New legislation has come into force (as of 20 December 2021) which grants the Insolvency Service new powers to investigate and disqualify company directors who dissolve companies to avoid paying their liabilities. The Act will also help tackle directors who dissolve companies to avoid repaying Government backed loans put in place to support businesses during the Coronavirus pandemic.
Under previous legislation, the Insolvency Service already had the power to investigate directors of companies that enter a form of insolvency and live companies where there is evidence of wrongdoing. However, this new Act extends those investigatory powers to directors of dissolved companies. If misconduct is found, directors can face sanctions including being disqualified as a company director for up to 15 years or, in the most serious of cases, prosecution. The Business Secretary will also be able to apply to the court for an order to require a former director of a dissolved company, who has been disqualified, to pay compensation to creditors who have lost out due to their fraudulent behaviour.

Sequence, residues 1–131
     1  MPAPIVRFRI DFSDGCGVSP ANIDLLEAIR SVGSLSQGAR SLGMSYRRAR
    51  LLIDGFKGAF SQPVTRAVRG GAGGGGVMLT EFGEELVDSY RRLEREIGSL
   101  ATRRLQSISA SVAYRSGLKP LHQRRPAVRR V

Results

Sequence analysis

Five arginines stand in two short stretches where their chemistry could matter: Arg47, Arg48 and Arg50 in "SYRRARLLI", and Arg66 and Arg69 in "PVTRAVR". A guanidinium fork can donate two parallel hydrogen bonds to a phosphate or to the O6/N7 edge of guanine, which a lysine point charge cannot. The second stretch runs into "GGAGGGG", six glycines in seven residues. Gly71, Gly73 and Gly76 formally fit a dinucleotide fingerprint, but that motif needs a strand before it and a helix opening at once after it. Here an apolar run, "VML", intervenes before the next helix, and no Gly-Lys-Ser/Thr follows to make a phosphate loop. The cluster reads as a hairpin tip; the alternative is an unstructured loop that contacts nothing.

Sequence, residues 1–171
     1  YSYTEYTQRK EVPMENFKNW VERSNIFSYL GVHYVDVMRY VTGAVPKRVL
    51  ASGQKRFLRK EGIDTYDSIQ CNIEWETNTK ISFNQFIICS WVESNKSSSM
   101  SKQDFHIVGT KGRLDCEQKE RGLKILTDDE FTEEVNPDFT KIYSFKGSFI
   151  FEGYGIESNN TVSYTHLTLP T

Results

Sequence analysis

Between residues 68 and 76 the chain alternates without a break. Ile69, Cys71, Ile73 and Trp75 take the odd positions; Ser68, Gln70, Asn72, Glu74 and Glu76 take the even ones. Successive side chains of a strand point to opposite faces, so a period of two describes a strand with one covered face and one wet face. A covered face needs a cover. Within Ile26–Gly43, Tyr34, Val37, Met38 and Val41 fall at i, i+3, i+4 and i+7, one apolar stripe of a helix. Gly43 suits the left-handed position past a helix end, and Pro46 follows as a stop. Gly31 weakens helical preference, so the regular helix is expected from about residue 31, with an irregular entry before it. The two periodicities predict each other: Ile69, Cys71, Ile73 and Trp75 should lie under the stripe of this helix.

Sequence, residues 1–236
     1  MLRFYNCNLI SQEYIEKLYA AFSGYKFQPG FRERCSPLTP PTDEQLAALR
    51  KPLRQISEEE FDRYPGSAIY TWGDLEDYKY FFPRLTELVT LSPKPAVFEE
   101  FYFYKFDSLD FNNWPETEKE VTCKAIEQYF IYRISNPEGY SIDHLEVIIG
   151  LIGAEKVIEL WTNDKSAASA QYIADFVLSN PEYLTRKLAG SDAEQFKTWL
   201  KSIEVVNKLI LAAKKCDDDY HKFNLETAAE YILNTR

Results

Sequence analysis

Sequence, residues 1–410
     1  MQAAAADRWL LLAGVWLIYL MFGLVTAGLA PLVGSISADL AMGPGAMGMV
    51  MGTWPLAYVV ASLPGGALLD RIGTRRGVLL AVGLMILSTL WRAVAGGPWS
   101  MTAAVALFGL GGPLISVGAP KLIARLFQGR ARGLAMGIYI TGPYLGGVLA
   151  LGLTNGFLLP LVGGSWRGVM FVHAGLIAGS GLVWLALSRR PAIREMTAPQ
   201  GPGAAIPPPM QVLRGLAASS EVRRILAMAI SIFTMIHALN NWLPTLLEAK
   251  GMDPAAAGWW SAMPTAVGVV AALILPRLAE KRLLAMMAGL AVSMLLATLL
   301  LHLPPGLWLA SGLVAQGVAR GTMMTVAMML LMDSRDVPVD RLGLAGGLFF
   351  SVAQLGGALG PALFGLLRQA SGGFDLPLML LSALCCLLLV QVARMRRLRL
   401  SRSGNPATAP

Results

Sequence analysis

In relation to the circumstances brought about by Covid-19, the Act provides that Covid-19 cannot be taken as a cause of material changes of circumstances for business rates. However, the Government has announced that £1.5 billion is to be provided in business rates relief to sectors which have suffered most economically over the pandemic and not been eligible for existing support.
Breach of directors duties: High Court ruling